Update: Sony has delivered the following statement to Wired, but hasn't officially confirmed disc-based PS2 support on the PS4: "We are working on utilizing PS2 emulation technology to bring PS2 games forward to the current generation. We have nothing further to comment at this point in time."
With Microsoft opening up its next-gen console to new heights with the oft-requested backward compatibility feature, Sony has been left out in the cold with its paltry and unpopular PS Now rental service. Now it looks like Sony could be reversing this with a major effort to make PlayStation 2 era games backward compatible on the PS4--a move that could hit Microsoft pretty hard.
The PS4 release of EA's new Star Wars: Battlefront brought something even more exciting that galactic conquest. Certain bundles of DICE's new shooter comes packed with a download code for PS1 and PS2 classics like Star Wars: Bounty Hunter, Star Wars: Jedi Starfighter, and Super Star Wars, which are all playable on the PS4. If Sony can do it with these games, what's stopping it from unleashing fully disc-based PS2 support?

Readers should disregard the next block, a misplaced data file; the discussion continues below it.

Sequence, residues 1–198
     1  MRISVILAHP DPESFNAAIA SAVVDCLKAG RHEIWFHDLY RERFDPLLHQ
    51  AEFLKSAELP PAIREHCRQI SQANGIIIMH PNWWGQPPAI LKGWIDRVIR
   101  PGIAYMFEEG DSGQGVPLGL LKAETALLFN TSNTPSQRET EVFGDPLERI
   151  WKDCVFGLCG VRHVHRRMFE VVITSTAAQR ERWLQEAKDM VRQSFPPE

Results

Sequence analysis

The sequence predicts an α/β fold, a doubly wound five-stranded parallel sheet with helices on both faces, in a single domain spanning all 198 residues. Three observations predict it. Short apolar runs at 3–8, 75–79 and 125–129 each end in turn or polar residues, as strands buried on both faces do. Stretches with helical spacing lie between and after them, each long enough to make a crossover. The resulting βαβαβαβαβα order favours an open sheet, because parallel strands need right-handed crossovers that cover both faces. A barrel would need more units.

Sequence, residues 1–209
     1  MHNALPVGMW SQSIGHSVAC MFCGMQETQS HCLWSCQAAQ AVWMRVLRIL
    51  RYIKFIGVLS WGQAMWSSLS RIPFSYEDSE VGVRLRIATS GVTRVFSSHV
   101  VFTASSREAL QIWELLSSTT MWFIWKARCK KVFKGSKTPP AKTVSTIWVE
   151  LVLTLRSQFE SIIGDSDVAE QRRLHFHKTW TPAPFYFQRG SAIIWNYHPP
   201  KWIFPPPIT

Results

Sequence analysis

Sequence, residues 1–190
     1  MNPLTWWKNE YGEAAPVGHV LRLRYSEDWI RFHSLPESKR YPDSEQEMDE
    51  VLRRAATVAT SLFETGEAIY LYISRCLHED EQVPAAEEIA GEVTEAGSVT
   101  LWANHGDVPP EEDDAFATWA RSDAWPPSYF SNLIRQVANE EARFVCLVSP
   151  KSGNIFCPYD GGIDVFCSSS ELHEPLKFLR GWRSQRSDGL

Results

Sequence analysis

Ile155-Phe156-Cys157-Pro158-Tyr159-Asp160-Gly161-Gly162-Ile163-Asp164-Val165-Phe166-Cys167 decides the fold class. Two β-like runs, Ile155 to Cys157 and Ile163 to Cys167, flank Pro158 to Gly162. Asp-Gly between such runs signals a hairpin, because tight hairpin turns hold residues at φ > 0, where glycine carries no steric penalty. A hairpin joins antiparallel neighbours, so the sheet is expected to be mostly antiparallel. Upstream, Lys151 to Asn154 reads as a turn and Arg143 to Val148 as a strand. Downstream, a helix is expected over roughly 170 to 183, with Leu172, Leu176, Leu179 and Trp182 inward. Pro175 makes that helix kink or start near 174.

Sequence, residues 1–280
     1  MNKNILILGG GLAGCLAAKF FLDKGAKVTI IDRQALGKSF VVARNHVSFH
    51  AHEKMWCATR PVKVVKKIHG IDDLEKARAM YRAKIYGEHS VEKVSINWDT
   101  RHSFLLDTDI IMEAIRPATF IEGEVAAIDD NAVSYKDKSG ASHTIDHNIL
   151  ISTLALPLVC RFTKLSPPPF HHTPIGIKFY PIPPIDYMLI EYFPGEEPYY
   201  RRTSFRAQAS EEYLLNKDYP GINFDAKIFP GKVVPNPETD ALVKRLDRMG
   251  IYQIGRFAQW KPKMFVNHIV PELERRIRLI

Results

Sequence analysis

A recent analysis from Eurogamer's Digital Foundry goes into the guts of Sony's PlayStation 2 emulation on the PS4, showing how digital PS2 games actually look on the PS4 without being streamed on PS Now. The games are heavily upscaled to match the PS4's HD fidelity, yet PS2 emulation delivers fluid performance with up to 60 FPS.
Adding full disc-based PS2 emulation to the PS4 will benefit Sony tremendously and likely utterly smash any chance of the Xbox One winning the backward compatibility war. In order to get ahead of Microsoft, though, Sony would have to pull its focus away from its PlayStation Now initiative in favor of physical disc-based play. That means forgoing all of its plans and efforts into the cloud-based streaming service and curtailing its massive buyout of Gaikai. Sony spent $380 million to buy Gaikai specifically to power PlayStation Now; amid its flagging revenue streams, Sony's not going to turn its back on a massive infrastructure like that.
If Sony does make PS2 backward compatibility official, we'll probably only see a few core games included at the start, so that means most of the most obscure (and best) J-RPG's probably won't be playable. The Japanese console maker has already confirmed that PS Now will include PlayStation 2 games in the future, so we might be stuck playing our yesteryear classics via rentals and awkward cloud-streaming playback.
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